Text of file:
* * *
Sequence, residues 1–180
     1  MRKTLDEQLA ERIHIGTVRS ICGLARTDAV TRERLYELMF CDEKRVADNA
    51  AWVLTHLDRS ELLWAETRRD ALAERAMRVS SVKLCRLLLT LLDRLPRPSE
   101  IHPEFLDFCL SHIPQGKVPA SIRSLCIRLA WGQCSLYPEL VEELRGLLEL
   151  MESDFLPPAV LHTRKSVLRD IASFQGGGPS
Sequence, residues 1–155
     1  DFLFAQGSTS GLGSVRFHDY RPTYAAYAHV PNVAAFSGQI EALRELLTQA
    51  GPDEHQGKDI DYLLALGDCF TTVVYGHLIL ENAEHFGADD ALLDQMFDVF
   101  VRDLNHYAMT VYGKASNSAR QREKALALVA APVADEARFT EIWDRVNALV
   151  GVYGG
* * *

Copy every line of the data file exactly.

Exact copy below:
Sequence, residues 1–180
     1  MRKTLDEQLA ERIHIGTVRS ICGLARTDAV TRERLYELMF CDEKRVADNA
    51  AWVLTHLDRS ELLWAETRRD ALAERAMRVS SVKLCRLLLT LLDRLPRPSE
   101  IHPEFLDFCL SHIPQGKVPA SIRSLCIRLA WGQCSLYPEL VEELRGLLEL
   151  MESDFLPPAV LHTRKSVLRD IASFQGGGPS
Sequence, residues 1–155
     1  DFLFAQGSTS GLGSVRFHDY RPTYAAYAHV PNVAAFSGQI EALRELLTQA
    51  GPDEHQGKDI DYLLALGDCF TTVVYGHLIL ENAEHFGADD ALLDQMFDVF
   101  VRDLNHYAMT VYGKASNSAR QREKALALVA APVADEARFT EIWDRVNALV
   151  GVYGG